The Song of Songs 1:2Context
|NET © Notes||
1 tn The introductory headings that identify the speakers of the poems throughout the Song do not appear in the Hebrew text. They are supplied in the translation for the sake of clarity. These notations should not be misinterpreted as suggesting that the Song be interpreted as a drama. Throughout the Song, the notation “The Lover” refers to the young man, while “the Beloved” refers to the young woman. Since the Song of Songs appears to be a collection of individual love songs, the individual love poems within the collection might not have originally referred to the same young man and young woman in each case. Just as the Book of Proverbs contains proverbs composed by Solomon (10:1-22:16; 25:1-29:27) as well as proverbs composed by other wise men (22:17-24:34; 30:1-31:9), so the Song of Songs may contain love poems composed by Solomon or written about Solomon as well as love poems composed by or written about other young couples in love. Nevertheless, the final canonical form of this collection presents a unified picture of idyllic love between one man and one woman in each case. The young man in several of the individual love poems is explicitly identified as Solomon (1:5; 3:7; 8:11-12), King Solomon (3:9, 11) or the king (1:4; 7:6). Some statements in the Song are consistent with a royal figure such as Solomon: references to Tirzah and Jerusalem (6:4) and to multiple queens and concubines (6:8). It is not so clear, however, whether Solomon is the young man in every individual poem. Nor is it clear that the same young woman is in view in each love poem. In several poems the young woman is a country maiden working in a vineyard (1:5-6; 8:11-12); however, the young woman in another poem is addressed as “O prince’s daughter” (7:2). The historian notes, “Solomon loved many women, especially the daughter of Pharaoh” (1 Kgs 11:1). So it would be surprising if the Song devoted itself to only one of Solomon’s many liaisons. The Song may simply be a collection of love poems written at various moments in Solomon’s illustrious career as a lover of many women. It may also include love poems written about other young lovers that were collected into the final form of the book that presents a portrait of idyllic love of young lovers.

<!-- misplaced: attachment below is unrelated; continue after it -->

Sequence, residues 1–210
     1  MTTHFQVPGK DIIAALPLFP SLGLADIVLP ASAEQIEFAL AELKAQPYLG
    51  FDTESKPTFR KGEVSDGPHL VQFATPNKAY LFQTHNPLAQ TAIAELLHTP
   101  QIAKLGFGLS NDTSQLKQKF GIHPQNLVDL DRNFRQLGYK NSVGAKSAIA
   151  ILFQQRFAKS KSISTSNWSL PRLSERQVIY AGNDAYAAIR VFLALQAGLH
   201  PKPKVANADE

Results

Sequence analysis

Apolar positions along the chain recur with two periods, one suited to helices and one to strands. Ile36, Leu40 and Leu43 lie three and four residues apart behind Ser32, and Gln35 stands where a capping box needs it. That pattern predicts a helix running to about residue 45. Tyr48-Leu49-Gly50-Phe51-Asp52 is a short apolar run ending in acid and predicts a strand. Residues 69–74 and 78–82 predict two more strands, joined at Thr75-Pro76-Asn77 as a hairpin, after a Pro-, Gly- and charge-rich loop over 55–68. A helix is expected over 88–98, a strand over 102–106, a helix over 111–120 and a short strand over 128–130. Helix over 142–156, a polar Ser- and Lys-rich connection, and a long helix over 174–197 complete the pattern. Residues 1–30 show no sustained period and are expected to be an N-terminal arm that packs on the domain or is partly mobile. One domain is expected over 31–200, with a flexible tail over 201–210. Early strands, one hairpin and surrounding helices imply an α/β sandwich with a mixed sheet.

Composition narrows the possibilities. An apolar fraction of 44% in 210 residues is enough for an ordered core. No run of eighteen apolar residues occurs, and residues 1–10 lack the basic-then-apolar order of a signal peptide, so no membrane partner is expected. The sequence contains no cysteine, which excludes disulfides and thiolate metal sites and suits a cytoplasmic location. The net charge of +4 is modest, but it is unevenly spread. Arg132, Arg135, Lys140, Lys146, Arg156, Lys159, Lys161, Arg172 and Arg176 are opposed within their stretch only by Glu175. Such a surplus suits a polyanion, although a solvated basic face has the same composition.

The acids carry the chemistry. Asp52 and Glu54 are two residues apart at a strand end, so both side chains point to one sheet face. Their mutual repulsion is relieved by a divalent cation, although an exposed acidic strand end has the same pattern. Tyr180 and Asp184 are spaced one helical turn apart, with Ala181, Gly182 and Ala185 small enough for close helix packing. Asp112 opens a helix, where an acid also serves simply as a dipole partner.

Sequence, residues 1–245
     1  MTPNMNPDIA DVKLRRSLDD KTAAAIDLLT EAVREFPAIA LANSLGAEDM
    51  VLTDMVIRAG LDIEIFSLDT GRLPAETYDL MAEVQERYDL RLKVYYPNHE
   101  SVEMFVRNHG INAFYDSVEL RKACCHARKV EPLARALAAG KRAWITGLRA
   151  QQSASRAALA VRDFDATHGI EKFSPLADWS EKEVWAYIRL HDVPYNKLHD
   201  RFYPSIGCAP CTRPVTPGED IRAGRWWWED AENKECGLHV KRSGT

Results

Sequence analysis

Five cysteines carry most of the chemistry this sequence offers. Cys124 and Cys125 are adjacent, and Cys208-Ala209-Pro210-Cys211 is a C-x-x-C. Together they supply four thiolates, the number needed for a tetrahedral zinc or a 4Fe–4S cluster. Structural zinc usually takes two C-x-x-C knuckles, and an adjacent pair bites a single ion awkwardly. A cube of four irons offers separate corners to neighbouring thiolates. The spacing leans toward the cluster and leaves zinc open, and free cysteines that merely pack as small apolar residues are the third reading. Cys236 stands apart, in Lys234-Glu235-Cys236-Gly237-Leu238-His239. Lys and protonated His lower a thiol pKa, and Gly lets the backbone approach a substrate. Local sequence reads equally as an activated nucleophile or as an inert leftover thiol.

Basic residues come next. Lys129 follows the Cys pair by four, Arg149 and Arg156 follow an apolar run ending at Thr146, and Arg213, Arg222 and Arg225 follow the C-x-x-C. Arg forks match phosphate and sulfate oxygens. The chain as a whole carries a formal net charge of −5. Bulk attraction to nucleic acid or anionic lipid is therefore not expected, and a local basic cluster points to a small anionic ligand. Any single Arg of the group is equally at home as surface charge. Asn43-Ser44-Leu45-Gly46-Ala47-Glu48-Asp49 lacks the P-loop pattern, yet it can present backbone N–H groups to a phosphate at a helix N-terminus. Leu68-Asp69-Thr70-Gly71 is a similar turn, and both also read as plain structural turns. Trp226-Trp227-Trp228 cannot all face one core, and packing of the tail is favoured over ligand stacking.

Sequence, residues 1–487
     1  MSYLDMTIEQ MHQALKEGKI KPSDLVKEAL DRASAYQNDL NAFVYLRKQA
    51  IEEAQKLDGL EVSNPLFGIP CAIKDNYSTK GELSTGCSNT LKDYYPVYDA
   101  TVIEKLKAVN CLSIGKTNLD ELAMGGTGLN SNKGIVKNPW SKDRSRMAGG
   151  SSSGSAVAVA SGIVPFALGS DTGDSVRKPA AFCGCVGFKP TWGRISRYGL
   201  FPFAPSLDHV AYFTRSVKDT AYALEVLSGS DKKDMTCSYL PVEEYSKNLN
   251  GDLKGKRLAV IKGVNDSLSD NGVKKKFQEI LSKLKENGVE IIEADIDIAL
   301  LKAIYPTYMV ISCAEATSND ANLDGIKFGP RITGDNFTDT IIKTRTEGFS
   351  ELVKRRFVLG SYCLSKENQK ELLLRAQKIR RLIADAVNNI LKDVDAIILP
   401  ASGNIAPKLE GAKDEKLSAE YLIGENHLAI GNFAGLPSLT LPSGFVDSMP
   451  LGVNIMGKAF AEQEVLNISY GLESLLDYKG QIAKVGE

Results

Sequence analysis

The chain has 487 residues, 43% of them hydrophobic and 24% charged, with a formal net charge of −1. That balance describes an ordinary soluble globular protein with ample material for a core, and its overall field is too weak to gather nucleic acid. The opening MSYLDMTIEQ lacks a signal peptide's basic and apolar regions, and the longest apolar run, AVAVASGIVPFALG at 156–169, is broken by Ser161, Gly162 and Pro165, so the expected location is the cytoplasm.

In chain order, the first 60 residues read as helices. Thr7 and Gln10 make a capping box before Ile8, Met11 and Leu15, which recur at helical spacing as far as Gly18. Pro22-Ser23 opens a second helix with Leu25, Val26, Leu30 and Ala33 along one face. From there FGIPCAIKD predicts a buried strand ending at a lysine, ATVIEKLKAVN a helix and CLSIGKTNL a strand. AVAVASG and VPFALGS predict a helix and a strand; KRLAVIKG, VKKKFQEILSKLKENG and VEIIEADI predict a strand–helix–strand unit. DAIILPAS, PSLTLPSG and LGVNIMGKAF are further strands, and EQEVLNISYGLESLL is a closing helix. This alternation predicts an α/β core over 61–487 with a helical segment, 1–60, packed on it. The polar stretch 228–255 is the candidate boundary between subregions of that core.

2 tn Heb “May he kiss me….” The shift from 3rd person masculine singular forms (“he” and “his”) in 1:2a to 2nd person masculine singular forms (“your”) in 1:2b-4 has led some to suggest that the Beloved addresses the Friends in 1:2a and then her Lover in 1:2b-4. A better solution is that the shift from the 3rd person masculine singular to 2nd person masculine singular forms is an example of heterosis of person: a poetic device in which the grammatical person shifts from line to line (M. H. Pope, Song of Songs [AB], 297). The third person is put for the second person (e.g, Gen 49:4; Deut 32:15; Ps 23:2-5; Isa 1:29; 42:20; 54:1; Jer 22:24; Amos 4:1; Micah 7:19; Lam 3:1; Song 4:2; 6:6) (E. W. Bullinger, Figures of Speech, 524-25). Similar shifts occur in ancient Near Eastern love literature (cf. S. N. Kramer, The Sacred Marriage Rite, 92, 99). Most translations render 1:2 literally and preserve the shifts from 3rd person masculine singular to 2nd person masculine singular forms (KJV, AV, NASB, NIV); others render 1:2 with 2nd person masculine singular forms throughout (RSV, NJPS).
3 tn Heb “May he kiss me with the kisses of his mouth!” The phrase יִשָּׁקֵנִי מִנְּשִׁיקוֹת (yishshaqeni minnÿshiqot, “kiss me with kisses”) is a cognate accusative construction used for emphasis.
4 tc The MT vocalizes consonantal דדיך as דֹּדֶיךָ (dodekha, “your loves”; mpl noun from דּוֹד, dod, “love” + 2nd person masculine singular suffix). The LXX and Vulgate reflect the vocalization דַּדֶּיךָ (daddekha, “your breasts”; mpl noun from דַּד, dad, “breast” + 2nd person masculine singular suffix). This alternate tradition was well known; it was followed by Hippolytus of Rome (d. 235) in his exposition of Canticles 1:2 and by Rabbi Yohanan of Tiberias (3rd century
tn Although it may be understood in the general sense meaning “love” (Song 1:4), the term דּוֹד (dod) normally means “lovemaking” (Prov 7:18; Song 4:10; 7:12; Ezek 16:8; 23:17). The plural form דֹּדֶיךָ (dodekha, lit. “your lovemakings”) is probably not a plural of number but an abstract plural (so BDB 187 s.v. דּוֹד 3).
5 tn Heb “better than.” With the comparison of lovemaking to wine, the idea is probably “more intoxicating than wine” or “more delightful than wine.”
6 tn The young woman compares his lovemaking to the intoxicating effects of wine. A man is to be “intoxicated” with the love of his wife (Prov 5:20). Wine makes the heart glad (Deut 14:26; Judg 9:13; Ps 104:15) and revives the spirit (2 Sam 16:1-2; Prov 31:4-7). It is viewed as a gift from God, given to enable man to enjoy life (Eccl 2:24-25; 5:18). The ancient Egyptian love poems use the imagery of wine and intoxication to describe the overwhelming effects of sexual love. For example, an ancient Egyptian love song reads: “I embrace her and her arms open wide; I am like a man in Punt, like someone overwhelmed with drugs. I kiss her and her lips open; and I am drunk without beer” (ANET 467-69).